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CrossFit Journal Article Review


Introduction of the Article: Research objective/Purpose of the study Since 2014, there has not been any studies to see if CrossFit® instructors were experienced enough to prescribe a workout of the day (WOD) program based off their website (Waryasz, Suric, Daniels, Gil, & Eberson, 2016). This study was created because there was evidence from Weisenthal and colleagues in 2014 showing a significant decrease in injury rate when CrossFit instructors were involved in workouts. The purpose of the study was to look at the education and certification levels of the instructors to see if their exercise programs were legitimate.

Summary of Methods: What and how data was collected CrossFit gyms in the U.S. were given a letter of recruitment and a survey to give to all the instructors they knew. The letter and survey were sent out to all instructors’ emails and/or their gym website email, Facebook®, and the website forum (Waryasz, Suric, Daniels, Gil, & Eberson, 2016). The instructors did not have to answer all the questions in the survey and it was made to be filled out only by CrossFit instructors. It was unknown how many instructors read the recruitment letter and therefore the response rate was incalculable.

How the data was analyzed Statistics for the survey was analyzed by using the Chi-Square test with P value set to less than 0.05 as significant (Waryasz, Suric, Daniels, Gil, & Eberson, 2016). The analysis examined the instructor’s credentials based off their college degree, gender, and CrossFit certification status.

Findings: Main results reported in the study The demographics of 193 surveyed CrossFit instructors showed that the ratio of female to male instructors was 66/122, age range was about 36, years working in an exercise field was about 9 years, and primary employment in an exercise-related field was about 75% for women and about 25% for men (Waryasz, Suric, Daniels, Gil, & Eberson, 2016). Based off all the participants, 86.6% were CrossFit instructor certified, only about a quarter (26.7%) of those instructors had a bachelor’s degree in an exercise-related field, 16.2% had a master’s degree in an exercise-related field, about half (51.2%) of the instructors were personal trainer certified, and about half (51.8%) had a strength and conditioning certification (Waryasz, Suric, Daniels, Gil, & Eberson, 2016). Olympic lifting with proper form was done after a warm-up exercise which helped with preventing injury and muscle fatigue. There was little evidence of footwear to prevent injury for resistance training and Olympic weightlifting.

Article Critique/Evaluation (Importance of the Findings): Positives: Insightful observations and contributions to the field Now that CrossFit is beginning to be popular, it’s was a good time to make a study on people teaching this form of movement to see if they are legitimate instructors. It would make sense that the majority of the instructors were certified CrossFit instructors. It’s also not a surprise to see that only about a quarter of those instructors have college degrees in an exercise-related field. The reason for that is because it is still a young trending form of exercise. You will see many people jumping into the business with or without a college degree. In addition, there is opportunity to create your own CrossFit program by getting certifications in other exercise-related classes instead of following your traditional college program. Seeing about one third of the participants in this study as women makes it a promising career for women and other minority groups. Overall, if CrossFit is known to significantly reduce injuries for people who practice it, you can see programs designed in colleges nationwide in the near future.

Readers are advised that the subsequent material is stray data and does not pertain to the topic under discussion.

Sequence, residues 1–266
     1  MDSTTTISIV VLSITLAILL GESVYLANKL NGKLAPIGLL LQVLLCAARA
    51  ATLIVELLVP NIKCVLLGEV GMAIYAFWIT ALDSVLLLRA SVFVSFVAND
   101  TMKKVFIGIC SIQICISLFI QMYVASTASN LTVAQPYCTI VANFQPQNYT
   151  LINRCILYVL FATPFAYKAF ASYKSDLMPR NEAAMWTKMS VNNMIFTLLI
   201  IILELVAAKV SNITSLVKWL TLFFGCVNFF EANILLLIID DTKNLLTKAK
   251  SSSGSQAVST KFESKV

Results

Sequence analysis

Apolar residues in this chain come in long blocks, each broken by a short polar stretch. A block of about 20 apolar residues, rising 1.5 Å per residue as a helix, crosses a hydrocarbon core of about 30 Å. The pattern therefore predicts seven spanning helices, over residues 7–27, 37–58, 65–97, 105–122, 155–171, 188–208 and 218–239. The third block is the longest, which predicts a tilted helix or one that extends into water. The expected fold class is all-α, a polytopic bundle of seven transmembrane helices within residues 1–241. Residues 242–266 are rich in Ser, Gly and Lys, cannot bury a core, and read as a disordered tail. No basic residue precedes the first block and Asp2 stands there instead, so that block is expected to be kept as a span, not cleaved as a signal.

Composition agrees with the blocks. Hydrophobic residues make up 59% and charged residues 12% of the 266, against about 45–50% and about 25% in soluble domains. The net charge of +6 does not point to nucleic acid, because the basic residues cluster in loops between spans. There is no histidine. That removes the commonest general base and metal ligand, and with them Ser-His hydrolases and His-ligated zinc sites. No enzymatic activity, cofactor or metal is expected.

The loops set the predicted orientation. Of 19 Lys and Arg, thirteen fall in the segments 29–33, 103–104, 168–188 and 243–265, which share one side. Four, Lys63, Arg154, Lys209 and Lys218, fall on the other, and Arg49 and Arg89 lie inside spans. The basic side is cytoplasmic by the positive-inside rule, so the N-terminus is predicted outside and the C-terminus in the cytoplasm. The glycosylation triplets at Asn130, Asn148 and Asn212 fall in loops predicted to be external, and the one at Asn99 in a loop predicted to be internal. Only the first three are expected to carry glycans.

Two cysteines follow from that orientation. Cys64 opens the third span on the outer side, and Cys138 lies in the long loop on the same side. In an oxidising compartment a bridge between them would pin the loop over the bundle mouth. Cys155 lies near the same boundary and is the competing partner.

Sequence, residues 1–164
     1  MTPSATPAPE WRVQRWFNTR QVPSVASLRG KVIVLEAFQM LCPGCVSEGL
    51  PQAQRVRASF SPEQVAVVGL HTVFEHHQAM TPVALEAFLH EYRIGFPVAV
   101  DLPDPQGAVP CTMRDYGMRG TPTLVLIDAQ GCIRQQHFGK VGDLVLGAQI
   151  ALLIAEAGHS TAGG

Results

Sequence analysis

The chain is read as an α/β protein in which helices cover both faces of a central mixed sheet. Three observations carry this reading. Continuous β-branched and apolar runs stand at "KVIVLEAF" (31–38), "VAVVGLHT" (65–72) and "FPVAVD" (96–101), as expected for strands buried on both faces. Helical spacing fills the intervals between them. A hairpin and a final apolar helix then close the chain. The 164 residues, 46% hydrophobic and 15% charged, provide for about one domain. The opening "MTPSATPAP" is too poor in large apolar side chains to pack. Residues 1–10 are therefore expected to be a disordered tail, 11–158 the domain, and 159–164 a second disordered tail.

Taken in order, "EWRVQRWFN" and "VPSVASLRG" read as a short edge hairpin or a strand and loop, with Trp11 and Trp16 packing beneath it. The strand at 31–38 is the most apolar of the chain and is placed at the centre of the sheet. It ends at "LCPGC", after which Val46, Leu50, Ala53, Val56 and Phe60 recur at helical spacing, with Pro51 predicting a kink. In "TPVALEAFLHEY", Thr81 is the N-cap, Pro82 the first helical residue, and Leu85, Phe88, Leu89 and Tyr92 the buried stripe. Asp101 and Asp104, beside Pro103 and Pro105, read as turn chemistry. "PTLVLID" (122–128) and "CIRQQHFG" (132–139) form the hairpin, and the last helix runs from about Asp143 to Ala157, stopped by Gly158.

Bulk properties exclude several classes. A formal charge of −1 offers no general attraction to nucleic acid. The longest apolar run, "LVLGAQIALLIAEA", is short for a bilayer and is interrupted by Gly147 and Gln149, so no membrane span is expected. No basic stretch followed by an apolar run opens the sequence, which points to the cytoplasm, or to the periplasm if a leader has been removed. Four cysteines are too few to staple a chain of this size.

Negatives: Contradictions, inconsistencies. Determine if there is enough data or research included to support the author's claims. Find any unanswered questions left in the article Overall effectiveness of the study It would have been more credible and accurate to calculate the number of individuals who received the survey invitation because that would have helped with finding a response rate to all the surveys that were distributed. A good idea for the next study would be for the researchers to include a confirmation that the survey and letter was received. Much like when you send a message on social media showing that your message was “seen” or your email was received by an automated response. Another time issue I noticed was that this survey was conducted from February to May of 2014. I would have like to see how they determined the length of time for the survey. I would have like to see the survey done over a longer period of time like maybe six months or one year, which would give the instructors more time to do the survey and make the statistics more accurate. Because the researchers had to send the survey out to instructors in a more informal fashion (e.g. Facebook, CrossFit websites) responses were not as high. Hopefully in the near future the nation will create a board or council to standardize CrossFit nationally so you need to be put on a database list as a certified CrossFit instructor. Overall, the study was an eye-opener for those looking into decrease their likelihood of injury and take on a new form of exercise. CrossFit isn’t for everyone, but you could design a program that fits your individual needs to help you with whatever physical limitations you may have. I look forward to hearing and seeing more on CrossFit in the next 5 to 10 years because I know it will evolve to include more participants from different walks of life.

References: Waryasz, G., Suric, V., Daniels, A., Gil, J., & Eberson, C. (2016). CrossFit® instructor demographics and practice trends. Orthopedic Reviews, 8(6571), 106-111.

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